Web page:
Renewable Energy Country Attractiveness: European countries have fallen down the index

13.10.2017
EY’s biannual Renewable Energy Country Attractiveness Index (RECAI) ranks the 40 most competitive markets for the RE industry (graph: EY)
EY’s biannual Renewable Energy Country Attractiveness Index (RECAI) ranks the 40 most competitive markets for the RE industry (graph: EY)

Europe is going from leader to runner-up, as China maintains the top spot in renewable energy competitiveness. The picture emerges from EY’s biannual Renewable Energy Country Attractiveness Index (RECAI), a ranking of the 40 most competitive markets for the industry.

China overtook the US in May and is bound to keep the first place as it continues to decarbonize its economy. Its PV capacity rose 21 GW over the past six months, wind curtailment fell 7 % over a year, new targets aim to cancel or defer 106 GW of coal power and the government is making plans to ban the combustion engine. Among European countries, the best placed is Germany, confirmed in 4th position after India and the US.

“Below China and US, the German onshore wind market is probably the next largest market at the moment, with the auctions successfully attracting multiple GW of capacity. Add to that Germany has the largest repowering market in the world and the second largest offshore market after the UK. We see no significant change to this wind position for Germany,” explains Phil Dominy, Assistant Director for Corporate Finance Energy and Infrastructure at EY.

“Although new solar capacity in Germany is not reaching the heady heights of about 5 years ago, we expect that auctions will still lead to a GW or two over the next few years. This is a long way short of China, the US and India, but still the solar leader in Europe.”

France, however, is catching up. Because of new tenders and acquisitions, and strong support for renewables by President Macron, the country has climbed two steps, from 8th to 6th position.

The United Kingdom maintains the 10th place, after awarding a contract for difference (CfD) over 3 GW offshore wind at the historically low price of GBP 57.50/MWh (half 2015’s). The British government also just confirmed funding of up to 557 million GBP for new renewable energy projects in 2019. Among other EU countries, Denmark fell to 14th position, while the Netherlands rose to 16th. The new Dutch government is planning to boost renewables, especially offshore wind, as it moves away from coal.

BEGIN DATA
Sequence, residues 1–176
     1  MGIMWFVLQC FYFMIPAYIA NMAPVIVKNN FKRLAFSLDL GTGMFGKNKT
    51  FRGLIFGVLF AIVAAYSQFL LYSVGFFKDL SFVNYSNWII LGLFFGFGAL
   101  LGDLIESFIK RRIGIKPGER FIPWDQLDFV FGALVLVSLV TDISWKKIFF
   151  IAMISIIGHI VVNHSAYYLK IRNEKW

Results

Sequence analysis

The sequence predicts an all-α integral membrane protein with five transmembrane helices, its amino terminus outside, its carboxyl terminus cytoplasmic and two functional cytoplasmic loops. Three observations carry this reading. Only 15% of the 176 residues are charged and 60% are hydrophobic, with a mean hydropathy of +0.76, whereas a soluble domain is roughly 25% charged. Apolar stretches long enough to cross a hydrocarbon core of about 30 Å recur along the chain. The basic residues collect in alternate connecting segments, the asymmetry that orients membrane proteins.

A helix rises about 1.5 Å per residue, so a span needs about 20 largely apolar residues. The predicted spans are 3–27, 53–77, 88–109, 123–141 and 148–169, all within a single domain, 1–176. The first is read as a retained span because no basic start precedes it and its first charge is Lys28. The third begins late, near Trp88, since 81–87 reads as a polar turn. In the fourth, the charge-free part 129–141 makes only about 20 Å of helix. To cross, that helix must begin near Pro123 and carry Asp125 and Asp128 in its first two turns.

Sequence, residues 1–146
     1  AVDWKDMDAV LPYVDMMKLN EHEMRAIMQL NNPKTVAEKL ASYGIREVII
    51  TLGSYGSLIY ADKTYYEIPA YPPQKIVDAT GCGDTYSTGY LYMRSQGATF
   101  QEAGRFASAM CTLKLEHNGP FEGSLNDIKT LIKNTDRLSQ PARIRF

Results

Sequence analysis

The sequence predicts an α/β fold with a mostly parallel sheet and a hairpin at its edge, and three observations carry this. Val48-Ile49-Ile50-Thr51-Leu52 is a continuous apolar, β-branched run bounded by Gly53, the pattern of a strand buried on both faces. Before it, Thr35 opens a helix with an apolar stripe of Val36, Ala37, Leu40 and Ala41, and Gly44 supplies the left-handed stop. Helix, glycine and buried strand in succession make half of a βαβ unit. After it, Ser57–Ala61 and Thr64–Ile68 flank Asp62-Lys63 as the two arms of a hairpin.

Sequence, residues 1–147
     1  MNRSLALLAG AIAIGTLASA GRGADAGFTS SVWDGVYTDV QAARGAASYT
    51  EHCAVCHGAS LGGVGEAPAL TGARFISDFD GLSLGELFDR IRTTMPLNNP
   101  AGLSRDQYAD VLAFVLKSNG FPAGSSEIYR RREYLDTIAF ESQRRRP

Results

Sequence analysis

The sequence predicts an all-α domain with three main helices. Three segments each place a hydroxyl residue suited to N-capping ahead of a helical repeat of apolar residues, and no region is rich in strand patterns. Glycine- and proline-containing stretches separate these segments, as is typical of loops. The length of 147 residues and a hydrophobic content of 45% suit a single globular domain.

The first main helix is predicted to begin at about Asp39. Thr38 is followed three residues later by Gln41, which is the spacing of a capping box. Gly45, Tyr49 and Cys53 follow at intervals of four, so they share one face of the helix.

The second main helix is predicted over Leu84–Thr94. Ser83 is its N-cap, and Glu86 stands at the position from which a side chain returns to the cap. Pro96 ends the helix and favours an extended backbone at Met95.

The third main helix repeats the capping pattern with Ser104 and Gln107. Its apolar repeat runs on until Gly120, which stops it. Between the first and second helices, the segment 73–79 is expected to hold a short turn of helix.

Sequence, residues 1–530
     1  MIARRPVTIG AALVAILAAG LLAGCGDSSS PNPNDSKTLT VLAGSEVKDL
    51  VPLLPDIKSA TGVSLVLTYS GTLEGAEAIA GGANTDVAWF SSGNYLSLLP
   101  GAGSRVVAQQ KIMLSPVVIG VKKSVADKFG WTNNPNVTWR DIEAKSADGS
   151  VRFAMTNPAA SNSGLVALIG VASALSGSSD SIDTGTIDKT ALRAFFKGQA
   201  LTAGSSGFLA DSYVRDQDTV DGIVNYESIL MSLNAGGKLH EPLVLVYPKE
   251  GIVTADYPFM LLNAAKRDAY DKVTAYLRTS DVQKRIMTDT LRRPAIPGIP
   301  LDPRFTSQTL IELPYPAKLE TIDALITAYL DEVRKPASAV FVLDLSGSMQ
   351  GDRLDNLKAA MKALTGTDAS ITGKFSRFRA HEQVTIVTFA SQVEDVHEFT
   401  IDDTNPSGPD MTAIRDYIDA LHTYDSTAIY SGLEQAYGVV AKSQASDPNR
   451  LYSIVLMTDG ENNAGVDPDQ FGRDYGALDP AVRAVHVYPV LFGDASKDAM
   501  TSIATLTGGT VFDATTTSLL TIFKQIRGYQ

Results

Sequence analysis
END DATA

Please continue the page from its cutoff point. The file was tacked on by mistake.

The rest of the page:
“Generally European countries have fallen down the Index over the past 5 years, while emerging markets, such as China, India, Chile and Mexico, have climbed,” says Dominy. “Eastern European countries are yet to recover from large falls, while southern European countries such as Spain and Italy appear to now be recovering, as solar projects reach grid parity.”

All first five positions have not changed compared to six months ago. But India’s second place is becoming more precarious as wind energy power purchase agreements have been cancelled and doubts have emerged over the target of 100 GW solar power by 2022. The US stalls in third place as climate change policies are rolled back and the solar market is unsettled by the threat of new import tariffs.

On the other hand, Middle East and North African countries (Morocco, Egypt and Saudi Arabia in particular) have been climbing the index and Algeria entered the ranking in 38th position.

“The index highlights that government policy is pivotal in driving renewable energy development globally. As it becomes increasingly clear that time is running out for legacy energy supply models, countries are vying for their place in a clean energy future,” commented Ben Warren, EY Global Power & Utilities Corporate Finance Leader and RECAI Chief Editor.

Claudia Delpero